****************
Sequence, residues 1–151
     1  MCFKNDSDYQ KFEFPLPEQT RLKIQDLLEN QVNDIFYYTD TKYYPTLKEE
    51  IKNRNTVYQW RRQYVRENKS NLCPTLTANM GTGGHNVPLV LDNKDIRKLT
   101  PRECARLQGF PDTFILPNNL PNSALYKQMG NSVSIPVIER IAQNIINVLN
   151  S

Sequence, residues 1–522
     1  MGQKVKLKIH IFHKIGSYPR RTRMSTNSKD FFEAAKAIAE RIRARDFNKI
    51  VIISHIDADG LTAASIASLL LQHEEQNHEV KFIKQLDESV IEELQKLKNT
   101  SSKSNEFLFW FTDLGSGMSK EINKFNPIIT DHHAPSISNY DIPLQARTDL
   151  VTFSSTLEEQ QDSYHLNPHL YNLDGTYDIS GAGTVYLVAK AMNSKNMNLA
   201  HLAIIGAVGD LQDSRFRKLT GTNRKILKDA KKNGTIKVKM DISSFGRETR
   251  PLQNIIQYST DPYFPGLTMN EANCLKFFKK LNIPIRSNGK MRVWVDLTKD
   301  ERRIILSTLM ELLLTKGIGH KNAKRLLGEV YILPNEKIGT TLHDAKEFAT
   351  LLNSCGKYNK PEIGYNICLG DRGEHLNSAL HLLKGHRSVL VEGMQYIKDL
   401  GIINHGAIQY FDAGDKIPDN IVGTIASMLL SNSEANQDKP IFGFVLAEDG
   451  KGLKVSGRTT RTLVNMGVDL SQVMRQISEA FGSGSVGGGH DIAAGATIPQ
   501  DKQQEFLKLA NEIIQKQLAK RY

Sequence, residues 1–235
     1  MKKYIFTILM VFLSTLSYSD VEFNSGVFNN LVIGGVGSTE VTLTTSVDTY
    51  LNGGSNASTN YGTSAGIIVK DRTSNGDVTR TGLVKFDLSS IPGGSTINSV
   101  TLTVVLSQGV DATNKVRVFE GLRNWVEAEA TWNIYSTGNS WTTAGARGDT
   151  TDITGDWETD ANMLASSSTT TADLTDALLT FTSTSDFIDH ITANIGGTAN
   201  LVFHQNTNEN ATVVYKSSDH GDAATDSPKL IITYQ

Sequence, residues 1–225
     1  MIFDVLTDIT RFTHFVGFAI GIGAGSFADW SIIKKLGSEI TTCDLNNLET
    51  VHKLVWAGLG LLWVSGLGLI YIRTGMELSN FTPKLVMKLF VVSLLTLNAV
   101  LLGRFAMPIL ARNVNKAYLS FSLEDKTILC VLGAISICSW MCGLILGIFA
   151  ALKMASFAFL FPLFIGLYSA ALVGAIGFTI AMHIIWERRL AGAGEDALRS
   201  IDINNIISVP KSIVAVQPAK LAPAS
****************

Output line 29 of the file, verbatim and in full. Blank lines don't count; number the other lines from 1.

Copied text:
   201  IDINNIISVP KSIVAVQPAK LAPAS